Unfortunately there are a number of drivers of deflation, so it will be easy for governments to find rates lower turn out lower than they expected. That's why banks try to keep a margin for error and will take radical steps to prevent inflation falling from - say - an absolute minimum of 2.5% or even 3% a year.

Deflation Drivers

1. Globalization: every time a job moves from a high income country to a low income country, the price of production falls, and the potential for price cutting increases, while maintaining profits and market share. We are currently witnessing rapid and accelerating changes in industry and services. Even less developed countries like Mexico are finding large chunks of their manufacturing capacity moving to places such as China. India is taking a significant share of software development, with entire teams being made redundant in the UK and the US, replaced by teams twice the size at a fraction of the cost in places like Hyderabad and Bangalore. And as prices rise in places like coastal China, jobs will shift to other less developed regions.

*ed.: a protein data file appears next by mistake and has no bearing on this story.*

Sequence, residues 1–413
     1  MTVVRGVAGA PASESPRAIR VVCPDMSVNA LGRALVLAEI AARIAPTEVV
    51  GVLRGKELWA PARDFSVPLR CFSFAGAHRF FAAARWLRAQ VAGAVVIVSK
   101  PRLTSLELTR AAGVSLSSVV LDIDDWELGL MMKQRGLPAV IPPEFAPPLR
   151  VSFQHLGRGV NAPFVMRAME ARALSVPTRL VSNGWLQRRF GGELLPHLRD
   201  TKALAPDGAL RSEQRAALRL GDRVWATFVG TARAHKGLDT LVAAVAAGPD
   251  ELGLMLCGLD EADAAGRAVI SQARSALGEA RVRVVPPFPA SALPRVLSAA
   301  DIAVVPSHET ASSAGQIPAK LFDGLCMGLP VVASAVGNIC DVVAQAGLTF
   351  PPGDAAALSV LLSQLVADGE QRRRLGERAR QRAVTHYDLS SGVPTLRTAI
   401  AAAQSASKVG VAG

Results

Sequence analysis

2. Technology innovation: every time a new production process is developed, using less people and less resources, prices fall. In the past, technology purchases formed only a small part of our lives, but the techno-economy continues to grow dramatically, despite the hype and gloom of investors. And the indirect spin-offs are becoming greater every day. Take for example food technology and processing, where new automated packaging and distribution systems have contributed to falling food prices for over a decade, or new farming methods with increased yields, or the impact of online business to business relationships and just-in-time delivery systems.